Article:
• If alarming behavior persists or if you see signs of depression or anxiety in your furry friends, seek professional help right away. Don’t wait. And if you consult a professional trainer, be sure to select one who uses a positive approach.
  • Be patient with yourself and your animals. Such an enormous lifestyle change is sure to cause some temporary stress, but by staying optimistic, asking for help when you need it, and focusing on the many positive aspects of your life, you’ll be able to find balance with your whole family.


Happily Ever After

Most babies get along famously with dogs and cats, and there is no reason to anticipate otherwise. Maintain a positive outlook, require respect from all parties, and expect a good outcome. You’re sure to get one!

Dog and Baby Fist Bump

Here are some words of wisdom from one PETA mom who has introduced multiple babies to a diverse group of animal companions:

I let the dogs have a good sniff of everything as we brought it in―cribs, clothes, etc.―so they knew something was up. I never had any problem at all―and I introduced three babies to many different dogs and cats. When we first brought each baby home, we let the dogs sniff them as we held them. The dogs were very curious but immediately took to all the babies. Very gentle always and sweet, too. And by the time baby begins flinging food from the high chair, it’s a full-fledged love affair! I think a lot of it has to do with the attitude of the parents. It was all very low-key, and we completely expected acceptance from the dogs—which we then got. They never showed signs of jealousy or territoriality in any way.

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  • Leslie Creelman commented on March 27, 2015 at 3:25 pm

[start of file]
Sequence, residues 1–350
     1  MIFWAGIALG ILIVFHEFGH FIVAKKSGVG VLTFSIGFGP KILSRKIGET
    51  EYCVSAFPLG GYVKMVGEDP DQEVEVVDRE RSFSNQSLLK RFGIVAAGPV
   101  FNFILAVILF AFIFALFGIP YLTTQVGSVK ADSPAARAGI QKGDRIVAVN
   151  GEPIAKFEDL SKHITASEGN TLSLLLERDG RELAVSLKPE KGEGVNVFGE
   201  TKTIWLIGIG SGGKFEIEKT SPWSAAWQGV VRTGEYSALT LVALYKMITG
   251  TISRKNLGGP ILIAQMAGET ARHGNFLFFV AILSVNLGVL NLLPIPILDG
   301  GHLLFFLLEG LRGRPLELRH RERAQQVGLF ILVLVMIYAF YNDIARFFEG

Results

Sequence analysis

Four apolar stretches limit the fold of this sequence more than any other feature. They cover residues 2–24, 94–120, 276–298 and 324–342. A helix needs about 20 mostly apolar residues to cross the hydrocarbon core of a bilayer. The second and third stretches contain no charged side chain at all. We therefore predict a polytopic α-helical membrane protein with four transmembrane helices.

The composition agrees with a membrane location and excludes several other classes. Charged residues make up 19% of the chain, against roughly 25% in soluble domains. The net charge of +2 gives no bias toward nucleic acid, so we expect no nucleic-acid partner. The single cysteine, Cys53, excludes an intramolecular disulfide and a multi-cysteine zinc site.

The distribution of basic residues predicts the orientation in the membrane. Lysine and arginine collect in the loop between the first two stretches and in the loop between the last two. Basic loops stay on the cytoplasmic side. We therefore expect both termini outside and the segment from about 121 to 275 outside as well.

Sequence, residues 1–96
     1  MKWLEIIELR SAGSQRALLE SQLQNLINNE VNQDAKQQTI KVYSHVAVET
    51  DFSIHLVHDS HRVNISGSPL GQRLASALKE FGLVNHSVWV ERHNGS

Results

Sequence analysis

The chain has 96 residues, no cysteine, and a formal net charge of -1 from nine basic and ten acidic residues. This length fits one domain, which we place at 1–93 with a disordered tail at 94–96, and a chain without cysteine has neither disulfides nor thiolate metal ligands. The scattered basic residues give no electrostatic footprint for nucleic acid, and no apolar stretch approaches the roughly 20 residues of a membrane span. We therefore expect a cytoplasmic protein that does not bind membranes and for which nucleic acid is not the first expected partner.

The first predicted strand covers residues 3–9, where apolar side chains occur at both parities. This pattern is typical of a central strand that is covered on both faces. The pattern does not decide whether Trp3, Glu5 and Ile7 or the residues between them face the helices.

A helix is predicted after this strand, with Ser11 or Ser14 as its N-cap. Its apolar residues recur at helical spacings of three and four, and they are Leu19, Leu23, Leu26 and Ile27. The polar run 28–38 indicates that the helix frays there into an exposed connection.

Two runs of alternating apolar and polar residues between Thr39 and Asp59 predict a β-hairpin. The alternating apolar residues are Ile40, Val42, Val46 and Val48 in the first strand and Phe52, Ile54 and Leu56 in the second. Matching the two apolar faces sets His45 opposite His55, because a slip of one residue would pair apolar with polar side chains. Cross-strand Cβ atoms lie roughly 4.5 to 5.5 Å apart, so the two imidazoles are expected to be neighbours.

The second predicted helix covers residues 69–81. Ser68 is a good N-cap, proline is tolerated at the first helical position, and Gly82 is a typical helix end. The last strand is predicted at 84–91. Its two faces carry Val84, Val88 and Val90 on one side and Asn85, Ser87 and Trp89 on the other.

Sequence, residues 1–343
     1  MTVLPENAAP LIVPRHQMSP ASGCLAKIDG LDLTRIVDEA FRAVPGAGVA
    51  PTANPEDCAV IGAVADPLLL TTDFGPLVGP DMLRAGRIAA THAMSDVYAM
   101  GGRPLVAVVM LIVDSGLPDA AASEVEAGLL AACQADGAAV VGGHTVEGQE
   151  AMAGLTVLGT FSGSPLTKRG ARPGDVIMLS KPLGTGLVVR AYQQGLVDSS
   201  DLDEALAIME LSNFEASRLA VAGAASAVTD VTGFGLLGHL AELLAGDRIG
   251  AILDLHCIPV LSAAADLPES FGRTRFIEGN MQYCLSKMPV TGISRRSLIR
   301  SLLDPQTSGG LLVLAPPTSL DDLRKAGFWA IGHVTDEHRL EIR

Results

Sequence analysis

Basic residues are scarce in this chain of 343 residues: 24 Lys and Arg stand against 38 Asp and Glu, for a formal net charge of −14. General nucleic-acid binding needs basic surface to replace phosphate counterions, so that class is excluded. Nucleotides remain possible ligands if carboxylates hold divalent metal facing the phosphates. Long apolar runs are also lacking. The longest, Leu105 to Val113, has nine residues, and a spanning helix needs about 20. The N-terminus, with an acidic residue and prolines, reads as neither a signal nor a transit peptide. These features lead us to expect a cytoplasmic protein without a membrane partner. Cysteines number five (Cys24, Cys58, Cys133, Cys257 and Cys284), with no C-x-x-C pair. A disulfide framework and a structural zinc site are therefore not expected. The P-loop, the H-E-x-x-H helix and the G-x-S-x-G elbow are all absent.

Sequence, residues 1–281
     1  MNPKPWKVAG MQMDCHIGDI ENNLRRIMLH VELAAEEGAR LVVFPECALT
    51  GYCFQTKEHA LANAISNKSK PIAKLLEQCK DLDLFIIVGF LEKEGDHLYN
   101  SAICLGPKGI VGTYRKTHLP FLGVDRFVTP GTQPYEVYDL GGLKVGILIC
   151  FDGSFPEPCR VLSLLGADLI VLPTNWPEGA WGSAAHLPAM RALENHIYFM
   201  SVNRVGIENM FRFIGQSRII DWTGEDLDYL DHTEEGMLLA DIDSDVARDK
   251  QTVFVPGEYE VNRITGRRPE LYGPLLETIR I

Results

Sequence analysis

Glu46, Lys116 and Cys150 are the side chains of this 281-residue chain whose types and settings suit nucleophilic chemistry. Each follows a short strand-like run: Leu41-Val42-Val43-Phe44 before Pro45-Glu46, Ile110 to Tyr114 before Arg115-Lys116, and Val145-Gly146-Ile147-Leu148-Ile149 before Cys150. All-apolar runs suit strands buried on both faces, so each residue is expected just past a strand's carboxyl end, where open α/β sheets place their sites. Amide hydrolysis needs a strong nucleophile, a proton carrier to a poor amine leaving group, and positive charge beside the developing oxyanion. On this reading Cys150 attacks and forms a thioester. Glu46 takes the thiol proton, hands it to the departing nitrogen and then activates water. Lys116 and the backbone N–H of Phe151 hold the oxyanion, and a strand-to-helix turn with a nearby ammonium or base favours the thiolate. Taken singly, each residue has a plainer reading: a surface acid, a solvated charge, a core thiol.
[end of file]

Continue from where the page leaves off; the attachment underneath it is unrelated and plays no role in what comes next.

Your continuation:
Puppies, babies, piglets, kitties, calfs, chicks, cows, dogs, cats….They’re all beauties and should be treated as such…always.

  • JoEllyn Klepacki commented on March 27, 2015 at 8:51 pm

    I applaud this article’s author. She was spot on with her advice and provided so many wonderful and effective suggestions! I am also excited to see the quote at the end of the article that was attributed to The Peta Mom who said that success has so much to do with the attitude, behavior and expectations of the pet owner/new parent! That is a breath of fresh air and I perspective I have never found IN PRINT!
    Our three girls, now ages 5, 7 and 9, all joined our family within 3.5 years at a time when we had 4 dogs, 4 cats and 2 cockatiels. We had carefully researched ideas for how we could help make this adjustment/transition as smooth as possible and we had no problems at all!! We employed several of these suggestions above and they worked but I attribute the greatest success to our calm demeanor and attitude that we were committed to making this work for all members of our family… Furry and otherwise.

    Having worked in a large animal shelter in the Midwest for over 14 years, I would estimate that I have personally seen over one hundred owned animals relinquished because of “pregnancy” or “new baby”. This article is a wonderful resource for soon to be or new parents!!

  • Meera Pillai commented on March 28, 2015 at 3:43 pm

    I see so many, many young couples giving up a beloved dog when a baby arrives. This is useful. Thank you.

  • Cristina Economides commented on April 2, 2015 at 11:41 am

    It is so helpfull especially for babies, they become sociable also building up a better health for babies. It is an spiritual investment, a baby is happy and a furry animal too.

  • Debra Vernetter commented on April 3, 2015 at 6:46 pm

    I love my animals and it hurts me so much to see someone abuse one

  • marisol salinas commented on June 10, 2015 at 7:41 pm

    thank you

  • Caterina commented on August 23, 2016 at 2:20 pm